Cable's principal wireless-phone partner, Sprint Nextel, is having a tough time.
It's losing subscribers. Lots of them. About 108,000 were lost in the fourth quarter, with an expectation of subtracting another 1.2 million in the current (first) quarter.
This at a time when wireless is highly penetrated (above 80%) but still growing: the U.S. subscriber count was 243.4 million in June 2007, up from 219.6 million a year earlier, trade group CTIA-The Wireless Association says.
Number portability has made it easier to switch carriers, and Sprint's monthly churn is holding steady, at about 2.3%, while AT&T and Verizon's bigger wireless businesses are improving their retention rates, analysts say.
Sprint also had a shocking financial net loss of $29.5 billion in Q4. It wrote down the value of its big acquisition, Nextel, by $30 billion. Nextel's a company Comcast thought about buying at one time, after Brian Roberts fell short in his quest to buy The Walt Disney Co. Count that as a bullet dodged. Cross-network marriages are so hard to pull off.
Expectations for Sprint are now so low that Sanford Bernstein analyst Craig Moffett called it “a performance of some heroism” that Sprint somehow managed to disappoint “on virtually every metric” in Q4.
What's Sprint's problem? Does it lack a hot gizmo that can counter AT&T's exclusive network deal with Apple's iPhone? Does it need a mascot tough enough to knock out Verizon's can-you-hear-me-now guy and his network hordes?
Actually, Sprint mostly has itself to blame, according to analysts, quality surveys and even the CEO, Dan Hesse, on the job in Overland Park, Kan., since December.
The company that used to tout its pin-drop quality now confesses to poor customer service. Hesse says he's changing that, adapting Ford's old slogan in a BusinessWeek interview: “Customer service is job one.”
A declining subscriber base. Low marks in J.D. Power surveys. This doesn't seem like the ideal mobile service partner for Comcast, Time Warner and other big cable operators to have picked as a 20-year venture partner. Except maybe to look good by comparison.
Hesse told BW that Sprint tried to do too much after buying Nextel — hatching plans to spin off local phone operations, delving into WiMax and joint-venturing with cable companies. Management couldn't maintain focus, he said.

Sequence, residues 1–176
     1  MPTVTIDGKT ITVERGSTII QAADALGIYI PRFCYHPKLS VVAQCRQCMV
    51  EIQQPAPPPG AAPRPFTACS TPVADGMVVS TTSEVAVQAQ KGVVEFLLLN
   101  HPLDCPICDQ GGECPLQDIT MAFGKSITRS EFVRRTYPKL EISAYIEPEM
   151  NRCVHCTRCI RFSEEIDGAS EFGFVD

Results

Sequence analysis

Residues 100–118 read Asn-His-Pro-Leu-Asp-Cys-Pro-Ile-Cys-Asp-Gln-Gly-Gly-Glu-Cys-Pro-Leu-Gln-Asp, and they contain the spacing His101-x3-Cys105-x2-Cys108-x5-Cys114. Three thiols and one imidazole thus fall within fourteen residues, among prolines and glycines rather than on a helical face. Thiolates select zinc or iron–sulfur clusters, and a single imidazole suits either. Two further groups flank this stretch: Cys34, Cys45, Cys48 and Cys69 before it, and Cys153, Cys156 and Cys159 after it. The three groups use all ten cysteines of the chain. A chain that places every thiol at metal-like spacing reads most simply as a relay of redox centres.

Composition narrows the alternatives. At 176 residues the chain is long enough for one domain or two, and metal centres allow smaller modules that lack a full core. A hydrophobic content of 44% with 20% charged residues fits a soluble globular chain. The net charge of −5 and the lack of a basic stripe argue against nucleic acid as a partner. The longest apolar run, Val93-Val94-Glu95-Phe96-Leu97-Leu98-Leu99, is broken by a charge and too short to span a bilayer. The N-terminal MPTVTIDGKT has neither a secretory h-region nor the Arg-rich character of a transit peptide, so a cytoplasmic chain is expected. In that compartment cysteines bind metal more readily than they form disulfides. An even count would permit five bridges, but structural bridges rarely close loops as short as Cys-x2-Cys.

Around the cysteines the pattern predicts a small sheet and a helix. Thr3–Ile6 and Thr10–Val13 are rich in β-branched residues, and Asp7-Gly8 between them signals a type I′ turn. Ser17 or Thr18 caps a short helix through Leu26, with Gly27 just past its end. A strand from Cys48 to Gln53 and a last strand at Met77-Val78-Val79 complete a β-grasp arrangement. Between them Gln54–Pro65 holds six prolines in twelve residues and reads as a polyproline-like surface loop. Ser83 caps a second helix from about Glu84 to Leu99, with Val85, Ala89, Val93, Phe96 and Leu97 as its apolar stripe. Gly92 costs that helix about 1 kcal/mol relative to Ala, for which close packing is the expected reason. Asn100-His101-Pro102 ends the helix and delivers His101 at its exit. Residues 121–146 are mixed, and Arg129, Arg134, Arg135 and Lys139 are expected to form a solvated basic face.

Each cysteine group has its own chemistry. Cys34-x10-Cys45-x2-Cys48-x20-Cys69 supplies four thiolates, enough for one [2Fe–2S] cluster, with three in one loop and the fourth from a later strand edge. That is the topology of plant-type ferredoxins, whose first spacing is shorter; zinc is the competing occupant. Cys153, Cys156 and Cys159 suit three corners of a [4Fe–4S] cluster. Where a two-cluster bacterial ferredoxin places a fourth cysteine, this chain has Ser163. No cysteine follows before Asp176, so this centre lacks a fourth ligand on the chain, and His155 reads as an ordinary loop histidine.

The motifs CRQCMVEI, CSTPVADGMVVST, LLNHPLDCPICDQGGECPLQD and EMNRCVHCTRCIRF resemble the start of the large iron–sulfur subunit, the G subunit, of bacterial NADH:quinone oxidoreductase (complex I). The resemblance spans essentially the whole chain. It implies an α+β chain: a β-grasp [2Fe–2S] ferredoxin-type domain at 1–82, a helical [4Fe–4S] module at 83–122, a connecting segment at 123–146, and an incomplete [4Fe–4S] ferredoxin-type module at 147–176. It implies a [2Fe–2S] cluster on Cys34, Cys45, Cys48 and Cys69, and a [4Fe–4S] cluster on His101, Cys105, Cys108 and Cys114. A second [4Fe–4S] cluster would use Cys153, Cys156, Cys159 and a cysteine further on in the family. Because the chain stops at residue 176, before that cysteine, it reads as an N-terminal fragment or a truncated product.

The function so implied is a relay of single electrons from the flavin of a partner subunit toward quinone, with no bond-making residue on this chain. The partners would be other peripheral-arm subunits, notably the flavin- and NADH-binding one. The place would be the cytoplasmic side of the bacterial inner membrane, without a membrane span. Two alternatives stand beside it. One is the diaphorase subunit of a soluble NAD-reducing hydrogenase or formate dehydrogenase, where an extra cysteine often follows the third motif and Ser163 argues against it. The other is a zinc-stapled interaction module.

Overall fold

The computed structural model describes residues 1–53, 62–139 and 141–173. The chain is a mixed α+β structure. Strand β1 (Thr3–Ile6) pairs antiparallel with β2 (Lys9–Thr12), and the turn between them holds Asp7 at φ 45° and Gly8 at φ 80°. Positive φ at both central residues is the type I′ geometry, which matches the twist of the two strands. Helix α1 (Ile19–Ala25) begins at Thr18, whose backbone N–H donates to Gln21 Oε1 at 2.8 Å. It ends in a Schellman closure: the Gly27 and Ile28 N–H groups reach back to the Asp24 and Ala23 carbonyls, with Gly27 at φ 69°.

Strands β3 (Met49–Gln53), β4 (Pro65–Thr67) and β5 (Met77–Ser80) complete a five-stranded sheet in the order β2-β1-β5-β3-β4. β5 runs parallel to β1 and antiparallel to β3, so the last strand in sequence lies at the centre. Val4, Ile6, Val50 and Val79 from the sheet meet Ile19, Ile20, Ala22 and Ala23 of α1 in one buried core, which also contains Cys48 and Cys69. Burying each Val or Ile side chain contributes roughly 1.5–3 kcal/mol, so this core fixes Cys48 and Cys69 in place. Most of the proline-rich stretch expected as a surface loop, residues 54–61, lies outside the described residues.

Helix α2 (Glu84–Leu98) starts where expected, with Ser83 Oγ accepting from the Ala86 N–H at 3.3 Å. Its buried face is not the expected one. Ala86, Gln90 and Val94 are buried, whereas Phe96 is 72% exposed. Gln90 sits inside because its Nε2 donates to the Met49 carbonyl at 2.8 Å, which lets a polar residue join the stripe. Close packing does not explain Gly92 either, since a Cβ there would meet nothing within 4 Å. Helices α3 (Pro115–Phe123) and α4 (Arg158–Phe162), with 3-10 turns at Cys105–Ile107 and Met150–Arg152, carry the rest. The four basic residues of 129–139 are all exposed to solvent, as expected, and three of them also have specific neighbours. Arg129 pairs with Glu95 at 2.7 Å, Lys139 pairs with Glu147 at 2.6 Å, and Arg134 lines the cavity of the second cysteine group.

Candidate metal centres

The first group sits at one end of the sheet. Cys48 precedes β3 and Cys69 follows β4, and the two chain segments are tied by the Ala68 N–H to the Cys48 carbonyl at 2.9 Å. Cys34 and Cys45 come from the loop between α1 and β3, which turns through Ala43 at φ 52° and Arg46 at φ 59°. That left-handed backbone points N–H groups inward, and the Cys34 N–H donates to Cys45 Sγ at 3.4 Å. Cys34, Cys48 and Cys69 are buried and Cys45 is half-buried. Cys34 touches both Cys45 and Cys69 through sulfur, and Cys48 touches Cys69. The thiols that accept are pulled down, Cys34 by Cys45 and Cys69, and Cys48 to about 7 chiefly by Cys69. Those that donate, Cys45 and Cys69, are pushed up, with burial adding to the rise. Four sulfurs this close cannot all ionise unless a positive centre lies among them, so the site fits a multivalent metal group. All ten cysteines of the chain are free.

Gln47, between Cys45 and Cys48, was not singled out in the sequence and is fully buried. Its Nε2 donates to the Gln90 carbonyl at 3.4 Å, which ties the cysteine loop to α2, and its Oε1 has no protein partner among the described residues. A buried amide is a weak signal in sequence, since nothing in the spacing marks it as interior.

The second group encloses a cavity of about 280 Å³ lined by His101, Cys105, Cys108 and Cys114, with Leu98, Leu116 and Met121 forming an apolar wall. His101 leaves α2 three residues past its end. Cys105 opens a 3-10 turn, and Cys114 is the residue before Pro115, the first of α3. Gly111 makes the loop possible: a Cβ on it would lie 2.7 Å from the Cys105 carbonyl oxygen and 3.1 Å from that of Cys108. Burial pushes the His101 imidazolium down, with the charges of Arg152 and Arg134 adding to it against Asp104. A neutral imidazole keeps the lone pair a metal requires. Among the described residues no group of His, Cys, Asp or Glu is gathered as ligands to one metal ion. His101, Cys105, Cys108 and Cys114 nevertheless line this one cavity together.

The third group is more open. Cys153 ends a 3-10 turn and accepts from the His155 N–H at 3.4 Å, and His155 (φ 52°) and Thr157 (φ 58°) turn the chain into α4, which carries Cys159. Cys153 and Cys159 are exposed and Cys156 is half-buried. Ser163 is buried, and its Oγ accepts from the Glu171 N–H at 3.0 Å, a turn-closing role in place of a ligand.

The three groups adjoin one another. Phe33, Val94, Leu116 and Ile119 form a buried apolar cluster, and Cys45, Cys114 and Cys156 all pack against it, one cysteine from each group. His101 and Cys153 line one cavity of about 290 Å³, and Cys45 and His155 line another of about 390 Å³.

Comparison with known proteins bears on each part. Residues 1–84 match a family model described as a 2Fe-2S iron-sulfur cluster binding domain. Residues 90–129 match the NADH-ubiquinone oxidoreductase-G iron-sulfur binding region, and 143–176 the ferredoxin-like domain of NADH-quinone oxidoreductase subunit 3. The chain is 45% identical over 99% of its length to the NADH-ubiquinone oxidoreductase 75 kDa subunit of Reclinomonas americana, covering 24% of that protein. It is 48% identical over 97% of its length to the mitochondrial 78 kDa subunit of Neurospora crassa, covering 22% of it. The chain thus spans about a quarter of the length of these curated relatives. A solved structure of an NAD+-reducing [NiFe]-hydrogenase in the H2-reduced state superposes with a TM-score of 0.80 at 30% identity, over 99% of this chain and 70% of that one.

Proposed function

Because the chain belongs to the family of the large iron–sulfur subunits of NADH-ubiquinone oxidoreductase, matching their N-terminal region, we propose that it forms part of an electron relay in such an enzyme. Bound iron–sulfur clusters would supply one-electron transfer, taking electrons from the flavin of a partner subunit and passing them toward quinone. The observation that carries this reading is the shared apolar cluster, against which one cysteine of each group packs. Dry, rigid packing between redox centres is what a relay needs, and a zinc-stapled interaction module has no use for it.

I say the cable JV couldn't have been that much of a distraction. It hasn't been for the cable operators, who barely if ever mention it. In November, Sprint froze the rollout of the “Pivot” mobile service at the current 33 cable markets, Multichannel News's Todd Spangler reported. Cable heaved a collective yawn.
Given Sprint's troubles, cable was wise to concentrate on voice-over-Internet protocol customers — which extends the existing broadband platform — and not force the issue on mobile. The VoIP business continues to be a good one for cable, even with the availability of free alternatives, such as Skype, and with more people replacing landlines with mobile phones.
Cablevision's impressive fourth-quarter results include the news that its voice product has penetrated 34% of available homes. VoIP sales have helped the cabler increase revenue per customer, despite fierce competition from Verizon FiOS TV.
Cablevision also added basic subs in Q4. Without a mobile phone business to attract or retain them.
Moffett had an interesting report Friday on Sprint's cable partner Comcast and its priorities. Wireless, no surprise, has moved down the list.
In fact Comcast sees itself more as an application provider — via on-demand content from offerings like Fancast — on a Google-favored open wireless network than as a wireless-network provider.
Comcast is focused on commercial services (now only 1% of overall revenue); on adding more HD options (including VOD); and on bonding channels together to sell higher Internet speeds, especially after it reclaims analog channels, Moffett wrote after meeting with CEO Roberts and chief financial officer Mike Angelakis.
Sprint, meanwhile, is looking to “simplify” pricing for its 54 million customers and making it possible to switch plans without extending service contracts, Hesse said on the earnings call last week. Hesse feels Sprint's data network is superior to rivals' and the all-in $99 plan could help keep heavy users happy.
Hesse concedes 2008 will be rough, though, and foresees “many quarters” before a financial turnaround.
That's one long Pivot.